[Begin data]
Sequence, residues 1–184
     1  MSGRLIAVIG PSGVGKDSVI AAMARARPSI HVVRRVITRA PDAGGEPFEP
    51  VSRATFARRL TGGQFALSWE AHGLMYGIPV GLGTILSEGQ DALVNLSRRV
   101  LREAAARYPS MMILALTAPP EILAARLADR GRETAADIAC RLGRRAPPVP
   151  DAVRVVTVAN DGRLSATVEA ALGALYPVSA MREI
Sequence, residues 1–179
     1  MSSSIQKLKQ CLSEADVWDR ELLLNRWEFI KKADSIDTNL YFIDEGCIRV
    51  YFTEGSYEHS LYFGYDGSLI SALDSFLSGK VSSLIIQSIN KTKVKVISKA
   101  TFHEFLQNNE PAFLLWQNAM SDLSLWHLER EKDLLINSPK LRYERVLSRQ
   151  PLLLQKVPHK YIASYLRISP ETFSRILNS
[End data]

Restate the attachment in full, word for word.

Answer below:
Sequence, residues 1–184
     1  MSGRLIAVIG PSGVGKDSVI AAMARARPSI HVVRRVITRA PDAGGEPFEP
    51  VSRATFARRL TGGQFALSWE AHGLMYGIPV GLGTILSEGQ DALVNLSRRV
   101  LREAAARYPS MMILALTAPP EILAARLADR GRETAADIAC RLGRRAPPVP
   151  DAVRVVTVAN DGRLSATVEA ALGALYPVSA MREI
Sequence, residues 1–179
     1  MSSSIQKLKQ CLSEADVWDR ELLLNRWEFI KKADSIDTNL YFIDEGCIRV
    51  YFTEGSYEHS LYFGYDGSLI SALDSFLSGK VSSLIIQSIN KTKVKVISKA
   101  TFHEFLQNNE PAFLLWQNAM SDLSLWHLER EKDLLINSPK LRYERVLSRQ
   151  PLLLQKVPHK YIASYLRISP ETFSRILNS